"In cases covered by our Workmen's Compensation Act, disability is not a term of art but a creature of statute. G.S. 97-2(9) provides: `The term "disability" means incapacity because of injury to earn the wages which the employee was receiving at the time of injury in the same or any other employment.' Thus we see that disability is defined in terms of a diminution in earning power. It is more than mere physical injury and is markedly different from technical or functional disability. Anderson v. Northwestern Motor Co., 233 N.C. 372, 64 S.E.2d 265 (1951). Our Supreme Court has described disability as the event of being incapacitated from the performance of normal labor. Watkins v. Central Motor Lines, 279 N.C. 132, 181 S.E.2d 588 (1971); Hall v. Chevrolet, Inc., 263 N.C. 569, 139 S.E.2d 857 (1965). "An employer takes his employees as he finds them. Mabe v. North Carolina Granite Corp., 15 N.C.App. 253, 189 S.E.2d 804 (1972). See, e. g., Edwards v. Publishing Co., 227 N.C. 184, 191, 41 S.E.2d 592, 594 (1947) (Concurring opinion of Seawell, J.). Each employee brings to the job his own particular set of strengths and weaknesses. That one employee is peculiarly disposed to injury because of an infirmity or disease incurred prior to his employment affords no sound basis for a reduction in the employer's liability. The fact that a person of normal faculties working under the same conditions might not have sustained the same injury to the same degree is immaterial. Plaintiff was putting forth a full day's work for a full day's pay. There is no evidence that plaintiff's capacity to earn in the course of employment at defendant's printing plant was at all impaired by after-effects of the 1961 automobile accident. "The record reveals the 1972 injury as the causal force which transformed latent infirmity into disability within the contemplation of the Workmen's Compensation Act. The force of the earlier injury was spent; the after-effects, both long and short term, had abated to the extent that plaintiff regularly performed heavy manual laborlifting lead platesat defendant employer's printing plant. The vulnerative force of the 1972 accident acted directly upon the situs of the earlier injury and surgery, causing, `... the impingement of the old fusion on L3 spinous process.' By invading theretofore unoffending aspects of the earlier injury the accident of defendant's printing plant became the prime cause of plaintiff's disability. *478 . . . . "Our act contains no special statute which would authorize apportionment in the instant case. "There is a distinction between a preexisting impairment independently producing all or part of a final disability, and a preexisting condition acted upon by a subsequent aggravating injury which precipitates disability. Plaintiff's claim falls in the latter category. "Our decision is in accord with the majority, and we think the better, view of those jurisdictions which have spoken on the subject of preexisting infirmities aggravated by subsequent industrial injury.... So long as an individual is capable of doing that for which he was hired, then the employer's liability for injury due to industrial accident ought not be reduced due to the existence of a nonincapacitating infirmity. "There are limited provisions for apportionment of disability under our Workmen's Compensation Law. Pursuant to G.S. 97-33 disability may be apportioned between injuries connected with military service and those sustained in the course of other employment. The Supreme Court has held the policy evinced by this statute is designed to thwart double recoveries. Schrum v. Upholstering Co., 214 N.C. 353, 355, 199 S.E. 385, 387 (1938). G.S. 97-35 also has limited provision for apportionment. Its application is restricted to successive injuries arising out of the same employment, and certain other cases. Neither of these statutes is applicable to the facts of this case where plaintiff received no compensation for his earlier back injury which arose out of a noncompensable automobile accident separate and apart from any employment." (Emphasis supplied.)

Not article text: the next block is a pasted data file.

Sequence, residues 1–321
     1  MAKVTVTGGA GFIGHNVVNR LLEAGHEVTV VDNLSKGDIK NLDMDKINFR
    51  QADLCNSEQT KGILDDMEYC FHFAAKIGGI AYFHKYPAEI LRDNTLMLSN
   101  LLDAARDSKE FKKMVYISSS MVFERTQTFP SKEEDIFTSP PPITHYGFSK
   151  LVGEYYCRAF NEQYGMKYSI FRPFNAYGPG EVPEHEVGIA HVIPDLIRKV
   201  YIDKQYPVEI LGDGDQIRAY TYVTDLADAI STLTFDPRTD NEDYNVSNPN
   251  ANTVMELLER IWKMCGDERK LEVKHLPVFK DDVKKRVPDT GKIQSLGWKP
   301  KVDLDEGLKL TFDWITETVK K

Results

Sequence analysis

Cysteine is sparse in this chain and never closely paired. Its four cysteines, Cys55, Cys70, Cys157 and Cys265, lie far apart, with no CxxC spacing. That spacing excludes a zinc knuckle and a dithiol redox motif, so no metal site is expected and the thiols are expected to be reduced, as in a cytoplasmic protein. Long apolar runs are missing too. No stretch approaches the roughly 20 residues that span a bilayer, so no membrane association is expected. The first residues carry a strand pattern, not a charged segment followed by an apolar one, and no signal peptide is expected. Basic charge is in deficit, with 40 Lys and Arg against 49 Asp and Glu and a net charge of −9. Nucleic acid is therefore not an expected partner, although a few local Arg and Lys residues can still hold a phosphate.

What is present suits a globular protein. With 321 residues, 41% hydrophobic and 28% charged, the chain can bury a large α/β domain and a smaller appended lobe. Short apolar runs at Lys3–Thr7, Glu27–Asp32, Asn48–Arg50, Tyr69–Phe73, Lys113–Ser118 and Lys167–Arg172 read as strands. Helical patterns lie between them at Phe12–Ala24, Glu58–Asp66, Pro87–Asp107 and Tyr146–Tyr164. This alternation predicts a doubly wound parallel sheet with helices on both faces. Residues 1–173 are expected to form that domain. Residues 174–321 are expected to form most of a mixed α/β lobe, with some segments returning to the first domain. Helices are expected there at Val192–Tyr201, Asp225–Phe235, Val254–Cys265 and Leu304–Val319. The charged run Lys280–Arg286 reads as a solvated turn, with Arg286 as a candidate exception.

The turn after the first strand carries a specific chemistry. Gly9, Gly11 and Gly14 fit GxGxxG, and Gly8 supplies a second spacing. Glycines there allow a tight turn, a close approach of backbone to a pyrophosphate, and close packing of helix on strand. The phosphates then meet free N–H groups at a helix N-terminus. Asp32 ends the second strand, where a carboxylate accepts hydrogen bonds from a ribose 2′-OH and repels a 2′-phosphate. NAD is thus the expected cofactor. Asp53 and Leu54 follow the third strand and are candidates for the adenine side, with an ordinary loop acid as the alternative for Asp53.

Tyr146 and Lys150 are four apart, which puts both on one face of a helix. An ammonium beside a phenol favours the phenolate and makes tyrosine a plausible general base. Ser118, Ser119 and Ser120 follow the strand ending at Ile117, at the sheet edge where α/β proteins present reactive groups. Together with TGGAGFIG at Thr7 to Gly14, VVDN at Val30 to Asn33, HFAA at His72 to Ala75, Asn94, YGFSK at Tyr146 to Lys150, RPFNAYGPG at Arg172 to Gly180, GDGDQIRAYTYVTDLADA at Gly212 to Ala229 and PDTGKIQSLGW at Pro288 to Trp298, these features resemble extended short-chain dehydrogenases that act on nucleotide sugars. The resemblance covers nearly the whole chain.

On defendant's appeal in Pruitt by virtue of Judge Clark's dissent in the Court of Appeals, this Court in an opinion by Justice Huskins agreed with the Court of Appeals' conclusion that our apportionment statutes, G.S. 97-33 through G.S. 97-35, were inapplicable. This Court viewed the appeal as presenting two determinative questions, 289 N.C. at 257, 221 S.E.2d at 357: